Skip to content

The Hooter Marks Time

July 31, 2012

Each morning, factory hooters call out to India’s 50 million industrial workers, many of whom stand by their stations and repeat a single set of tasks with unerring regularity until the hooter sounds again to signal the end of the first shift and the start of another.  Manufacturing provides employment to just 11 percent of India’s workforce, but the sector and its workers are seen as a bellwether for the economy as a whole.

Last week, a senior general manager in Maruti Suzuki’s Manesar plant was killed and several managers injured in a violent confrontation between workers and management, prompting national dailies to speak of the “bad old days of militant trade unionism”.   Yet, industrial unrest is at historic lows in terms of numbers of incidents and man-days lost. In 1973-74, nearly 3,00,000 strikes were called just prior to the Emergency; 2010 saw just 429 such incidents, according to data from the V.V. Giri National Labour Institute.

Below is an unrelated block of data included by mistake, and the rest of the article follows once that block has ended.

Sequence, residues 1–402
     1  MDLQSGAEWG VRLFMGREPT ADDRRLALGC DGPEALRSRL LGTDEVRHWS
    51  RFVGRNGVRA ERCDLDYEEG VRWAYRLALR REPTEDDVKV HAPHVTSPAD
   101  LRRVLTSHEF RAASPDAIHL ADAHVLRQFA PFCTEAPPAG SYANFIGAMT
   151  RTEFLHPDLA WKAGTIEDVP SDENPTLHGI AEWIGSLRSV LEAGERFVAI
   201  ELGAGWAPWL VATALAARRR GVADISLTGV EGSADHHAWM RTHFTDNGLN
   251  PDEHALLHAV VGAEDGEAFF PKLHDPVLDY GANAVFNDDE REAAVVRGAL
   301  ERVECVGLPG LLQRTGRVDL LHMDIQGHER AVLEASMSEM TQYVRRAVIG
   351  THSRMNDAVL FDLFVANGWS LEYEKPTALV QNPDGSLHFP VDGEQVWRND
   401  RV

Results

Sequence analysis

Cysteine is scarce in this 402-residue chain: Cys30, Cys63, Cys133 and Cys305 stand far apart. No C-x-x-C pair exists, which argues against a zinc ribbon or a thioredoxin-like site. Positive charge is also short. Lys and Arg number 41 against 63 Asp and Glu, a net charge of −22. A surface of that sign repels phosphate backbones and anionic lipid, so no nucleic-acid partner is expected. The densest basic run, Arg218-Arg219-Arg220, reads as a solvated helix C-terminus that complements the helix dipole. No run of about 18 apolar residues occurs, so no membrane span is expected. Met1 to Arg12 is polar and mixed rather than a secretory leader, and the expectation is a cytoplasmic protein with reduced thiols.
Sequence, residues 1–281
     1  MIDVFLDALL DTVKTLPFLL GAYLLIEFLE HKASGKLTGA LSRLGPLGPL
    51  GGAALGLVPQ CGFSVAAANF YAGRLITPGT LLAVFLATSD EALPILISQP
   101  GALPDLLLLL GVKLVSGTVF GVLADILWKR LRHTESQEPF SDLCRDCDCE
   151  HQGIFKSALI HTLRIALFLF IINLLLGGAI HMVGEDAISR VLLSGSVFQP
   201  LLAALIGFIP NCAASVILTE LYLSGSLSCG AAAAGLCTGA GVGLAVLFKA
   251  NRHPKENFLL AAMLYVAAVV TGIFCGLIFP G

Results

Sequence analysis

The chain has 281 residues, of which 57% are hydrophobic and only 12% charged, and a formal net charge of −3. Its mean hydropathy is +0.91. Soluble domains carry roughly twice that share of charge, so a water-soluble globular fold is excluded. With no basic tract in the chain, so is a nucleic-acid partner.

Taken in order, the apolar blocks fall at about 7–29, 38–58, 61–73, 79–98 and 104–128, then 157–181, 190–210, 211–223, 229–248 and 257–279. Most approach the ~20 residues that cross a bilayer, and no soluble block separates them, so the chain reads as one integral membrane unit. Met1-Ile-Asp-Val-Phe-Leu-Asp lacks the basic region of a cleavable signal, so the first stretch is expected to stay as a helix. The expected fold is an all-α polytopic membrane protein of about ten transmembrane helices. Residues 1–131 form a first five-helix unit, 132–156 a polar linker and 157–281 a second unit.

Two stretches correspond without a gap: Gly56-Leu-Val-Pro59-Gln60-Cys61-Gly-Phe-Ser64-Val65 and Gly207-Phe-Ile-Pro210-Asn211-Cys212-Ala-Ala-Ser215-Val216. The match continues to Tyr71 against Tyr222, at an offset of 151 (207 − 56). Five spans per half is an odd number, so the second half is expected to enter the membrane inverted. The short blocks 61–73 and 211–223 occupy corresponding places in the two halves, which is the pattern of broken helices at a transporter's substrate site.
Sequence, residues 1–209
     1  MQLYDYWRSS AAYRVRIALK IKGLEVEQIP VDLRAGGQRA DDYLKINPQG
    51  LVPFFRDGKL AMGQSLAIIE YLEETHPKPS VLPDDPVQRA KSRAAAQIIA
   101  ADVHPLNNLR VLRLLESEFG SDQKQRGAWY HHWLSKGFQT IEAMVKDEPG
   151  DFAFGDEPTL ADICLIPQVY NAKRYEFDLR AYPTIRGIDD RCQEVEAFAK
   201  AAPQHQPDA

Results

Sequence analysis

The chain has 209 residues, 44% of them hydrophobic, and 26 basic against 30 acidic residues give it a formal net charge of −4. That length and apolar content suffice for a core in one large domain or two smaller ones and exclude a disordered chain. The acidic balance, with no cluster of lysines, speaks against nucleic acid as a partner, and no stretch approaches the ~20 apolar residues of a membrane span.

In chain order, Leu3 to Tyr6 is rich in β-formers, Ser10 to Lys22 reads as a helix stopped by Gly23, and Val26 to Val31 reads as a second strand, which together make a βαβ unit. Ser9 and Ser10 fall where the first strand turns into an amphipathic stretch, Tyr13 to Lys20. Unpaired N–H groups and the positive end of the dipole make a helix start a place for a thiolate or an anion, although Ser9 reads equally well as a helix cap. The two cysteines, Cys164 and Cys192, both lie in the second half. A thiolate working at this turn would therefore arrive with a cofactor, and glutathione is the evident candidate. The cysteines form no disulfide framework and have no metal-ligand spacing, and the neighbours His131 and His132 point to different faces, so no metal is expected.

What accounts for this shift? Has the Indian factory become a safer, better-paid and more secure workplace?

Data suggests the opposite: Today, Indian workers are paid less in real terms than they were fifteen years ago, have less job security, and yet are less likely to strike. Workers in Haryana’s industrial belt suggest that the incident at Maruti Manesar signals the end of the all-powerful union capable of controlling the factory floor, rather than its return. Instead, industry’s reliance on casual workers has created informal leaderless networks that operate outside the framework of strikes and settlements that undergird union activity. Read more

One Comment leave one →
  1. August 22, 2012 12:17 AM

    Except Aman’s report most of the Indian press has reproduced management handouts on the Maruti events. But not Japan. See this report in Japan’s Asahi

    http://ajw.asahi.com/article/economy/business/AJ201208200107

We look forward to your comments. Comments are subject to moderation as per our comments policy. They may take some time to appear.

Fill in your details below or click an icon to log in:

WordPress.com Logo

You are commenting using your WordPress.com account. Log Out / Change )

Twitter picture

You are commenting using your Twitter account. Log Out / Change )

Facebook photo

You are commenting using your Facebook account. Log Out / Change )

Google+ photo

You are commenting using your Google+ account. Log Out / Change )

Connecting to %s

Follow

Get every new post delivered to your Inbox.

Join 53,895 other followers

%d bloggers like this: